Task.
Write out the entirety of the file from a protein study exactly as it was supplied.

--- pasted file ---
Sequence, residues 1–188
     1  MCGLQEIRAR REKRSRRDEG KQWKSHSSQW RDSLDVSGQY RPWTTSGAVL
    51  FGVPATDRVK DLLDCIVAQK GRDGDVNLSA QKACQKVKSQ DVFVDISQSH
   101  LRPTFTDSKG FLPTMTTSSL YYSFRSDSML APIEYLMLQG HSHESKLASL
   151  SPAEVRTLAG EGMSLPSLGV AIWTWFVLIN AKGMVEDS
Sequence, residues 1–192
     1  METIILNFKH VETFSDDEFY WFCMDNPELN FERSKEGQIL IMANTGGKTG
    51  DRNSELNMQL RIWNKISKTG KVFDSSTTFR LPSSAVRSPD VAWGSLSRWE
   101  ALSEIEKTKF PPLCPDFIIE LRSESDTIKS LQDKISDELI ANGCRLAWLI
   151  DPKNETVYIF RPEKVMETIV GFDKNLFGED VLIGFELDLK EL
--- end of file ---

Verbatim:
Sequence, residues 1–188
     1  MCGLQEIRAR REKRSRRDEG KQWKSHSSQW RDSLDVSGQY RPWTTSGAVL
    51  FGVPATDRVK DLLDCIVAQK GRDGDVNLSA QKACQKVKSQ DVFVDISQSH
   101  LRPTFTDSKG FLPTMTTSSL YYSFRSDSML APIEYLMLQG HSHESKLASL
   151  SPAEVRTLAG EGMSLPSLGV AIWTWFVLIN AKGMVEDS
Sequence, residues 1–192
     1  METIILNFKH VETFSDDEFY WFCMDNPELN FERSKEGQIL IMANTGGKTG
    51  DRNSELNMQL RIWNKISKTG KVFDSSTTFR LPSSAVRSPD VAWGSLSRWE
   101  ALSEIEKTKF PPLCPDFIIE LRSESDTIKS LQDKISDELI ANGCRLAWLI
   151  DPKNETVYIF RPEKVMETIV GFDKNLFGED VLIGFELDLK EL